In the Mahabharata, we find mention of Narakasura and his kingdom, Pragjyotisha, and the fact that Narakasura's son Bhagadatta fought for the Kauravas in the Battle of Kurukshetra. Because transcendental personalities appear repeatedly during different ages, and engage in various pastimes, the dates of their pastimes are sometimes confusing.
Although mention of the boar Prajapati is found as early as the Satapatha Brahmana, the pastime of Bhumi Devi engendering a son is first mentioned in the Harivamsa, dated to the 5th Century. Harivamsa describes Naraka as that son of Bhumi's, and this is further narrated in the later Vishnu Purana. The story is further elaborated upon in the Bhagavata Purana, later still.
Even more recent is the Assamese manuscript, Kalika Purana, written in the 10th Century. This Upapurana (secondary purana) gives an even more elaborate version of the Naraka story. In this text, the legend of Janaka of Videha, the father of Sita, is embellished and added to the legend of Naraka. However, beyond accepting confirmation of the dates of events given in the Bhagavat itself, the Upapurana versions cannot be taken as absolute.
But again, in the case of dating the pastimes of Naraka, we have the Mahabharata references to confirm that his son, King Bhagadatta ruled the kingdom of Pragjyotisha during the time of the Kurukshetra War, where he met his death.
It's interesting to note that in the quote above from the Summary of Bhagavatam 10th Canto, Srila Prabhupada states that before marrying the 16,000 princesses, Krsna bestowed fearlessness upon the son of Narakasura. Despite that boon, or perhaps because of it, it was Krsna's intervention that eventually resulted in Bhagadatta's death.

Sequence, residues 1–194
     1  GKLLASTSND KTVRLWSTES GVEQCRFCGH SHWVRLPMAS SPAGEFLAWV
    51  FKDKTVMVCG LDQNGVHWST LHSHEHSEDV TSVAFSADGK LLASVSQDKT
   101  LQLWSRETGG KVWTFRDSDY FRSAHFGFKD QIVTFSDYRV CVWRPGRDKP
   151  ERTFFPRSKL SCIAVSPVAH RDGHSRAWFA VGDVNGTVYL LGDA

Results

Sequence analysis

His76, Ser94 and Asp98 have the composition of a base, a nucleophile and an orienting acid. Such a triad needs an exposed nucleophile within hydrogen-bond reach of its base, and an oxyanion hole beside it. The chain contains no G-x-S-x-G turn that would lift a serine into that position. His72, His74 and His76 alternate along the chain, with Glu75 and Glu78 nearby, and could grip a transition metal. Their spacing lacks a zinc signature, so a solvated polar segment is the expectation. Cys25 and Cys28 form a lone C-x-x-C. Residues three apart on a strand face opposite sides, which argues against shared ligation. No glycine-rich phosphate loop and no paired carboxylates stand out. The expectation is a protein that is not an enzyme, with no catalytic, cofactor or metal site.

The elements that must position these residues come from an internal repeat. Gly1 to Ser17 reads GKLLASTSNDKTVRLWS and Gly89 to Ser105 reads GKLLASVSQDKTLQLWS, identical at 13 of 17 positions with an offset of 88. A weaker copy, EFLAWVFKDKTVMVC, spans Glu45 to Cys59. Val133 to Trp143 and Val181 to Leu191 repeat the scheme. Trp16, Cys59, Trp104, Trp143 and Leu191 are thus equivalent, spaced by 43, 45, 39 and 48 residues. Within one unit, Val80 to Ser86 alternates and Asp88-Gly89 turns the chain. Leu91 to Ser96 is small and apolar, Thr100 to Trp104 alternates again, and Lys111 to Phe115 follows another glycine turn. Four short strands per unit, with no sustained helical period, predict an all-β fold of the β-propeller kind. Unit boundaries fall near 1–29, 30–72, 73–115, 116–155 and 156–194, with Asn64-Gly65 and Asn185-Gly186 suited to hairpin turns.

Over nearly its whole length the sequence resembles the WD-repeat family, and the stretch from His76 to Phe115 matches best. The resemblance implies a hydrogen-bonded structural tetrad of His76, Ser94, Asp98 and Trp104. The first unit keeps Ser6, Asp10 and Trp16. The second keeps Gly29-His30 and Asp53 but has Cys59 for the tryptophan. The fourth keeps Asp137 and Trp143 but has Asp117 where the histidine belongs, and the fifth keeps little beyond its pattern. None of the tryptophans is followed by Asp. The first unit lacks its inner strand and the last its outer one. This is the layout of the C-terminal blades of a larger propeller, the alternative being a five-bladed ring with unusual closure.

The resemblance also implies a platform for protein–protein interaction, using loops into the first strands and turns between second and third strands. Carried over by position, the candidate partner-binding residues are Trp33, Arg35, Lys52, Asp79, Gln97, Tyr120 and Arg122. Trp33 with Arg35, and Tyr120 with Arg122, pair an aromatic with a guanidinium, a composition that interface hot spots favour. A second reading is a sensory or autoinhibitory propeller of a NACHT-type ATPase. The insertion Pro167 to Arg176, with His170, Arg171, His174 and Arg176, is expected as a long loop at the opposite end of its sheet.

During the Battle of Kurukshetra, Bhagadatta was involved in a fierce battle with Arjuna on his elephant Supratika. During the course of this battle, Bhagadatta fired a potent weapon called Vaisnava-astra at Arjuna. However, Arjuna was saved from death by the timely intervention of Krsna, who let Himself be a cushion against this potent weapon, which turned into a garland and fell on the Lord Finally, Bhagadatta was killed, being hit by an arrow shot by Arjuna.
Before his death, Bhagadatta had formed two regiments of Kirat and Cina soldiers to fight on the side of the Kauravas, against the Pandavas. He was joined in death by another Kirat king, Jitedasti, who was fighting on the other side, against the Kauravas. When Jitedasti was killed, his forces then came under the command of Bhima. Bhima then commanded his new Kirati army to plunder all the cocks of Kurukshetra, destroying them before the time of cock-crow early in the morning. The Kirat soldiers were successful in their night attack upon the Kauravas. To this day, each year the Kirat people collect a number of cocks at night and perform a puja ceremony in the name of Bhima (Bhimsen).
Bhima eventually killed all 100 of the Kaurava sons of Dhritarashtra and Gandhari, likely employing his adopted Kirat forces to conduct some of those campaigns. Many generations after King Bhagadatta, one of his descendents, Vaskar Varma became a famous king in Assam.